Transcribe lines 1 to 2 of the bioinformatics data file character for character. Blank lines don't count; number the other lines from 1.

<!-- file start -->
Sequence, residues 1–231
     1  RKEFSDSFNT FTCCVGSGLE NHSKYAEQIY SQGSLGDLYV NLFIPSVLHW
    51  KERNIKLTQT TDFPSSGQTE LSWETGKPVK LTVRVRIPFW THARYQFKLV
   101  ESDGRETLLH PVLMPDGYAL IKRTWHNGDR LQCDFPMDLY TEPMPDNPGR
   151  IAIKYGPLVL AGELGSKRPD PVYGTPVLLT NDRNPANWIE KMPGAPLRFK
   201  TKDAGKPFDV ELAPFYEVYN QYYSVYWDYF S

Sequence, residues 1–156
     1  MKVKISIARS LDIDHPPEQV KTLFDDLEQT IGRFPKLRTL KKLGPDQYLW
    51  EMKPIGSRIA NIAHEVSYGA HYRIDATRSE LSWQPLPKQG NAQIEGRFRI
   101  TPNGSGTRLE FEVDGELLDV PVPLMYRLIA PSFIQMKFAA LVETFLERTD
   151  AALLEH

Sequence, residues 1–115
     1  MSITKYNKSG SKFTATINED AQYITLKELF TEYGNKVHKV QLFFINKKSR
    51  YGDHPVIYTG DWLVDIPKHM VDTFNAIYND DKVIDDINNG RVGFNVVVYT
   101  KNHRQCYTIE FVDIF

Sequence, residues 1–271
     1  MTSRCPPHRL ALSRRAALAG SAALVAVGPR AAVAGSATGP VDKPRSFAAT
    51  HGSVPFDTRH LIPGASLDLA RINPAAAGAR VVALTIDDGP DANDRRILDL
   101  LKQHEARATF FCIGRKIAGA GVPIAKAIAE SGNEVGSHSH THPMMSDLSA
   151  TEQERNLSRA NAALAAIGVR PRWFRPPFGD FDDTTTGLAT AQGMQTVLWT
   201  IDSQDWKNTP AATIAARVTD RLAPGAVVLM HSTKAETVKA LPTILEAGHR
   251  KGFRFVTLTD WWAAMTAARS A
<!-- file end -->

Sequence, residues 1–231
     1  RKEFSDSFNT FTCCVGSGLE NHSKYAEQIY SQGSLGDLYV NLFIPSVLHW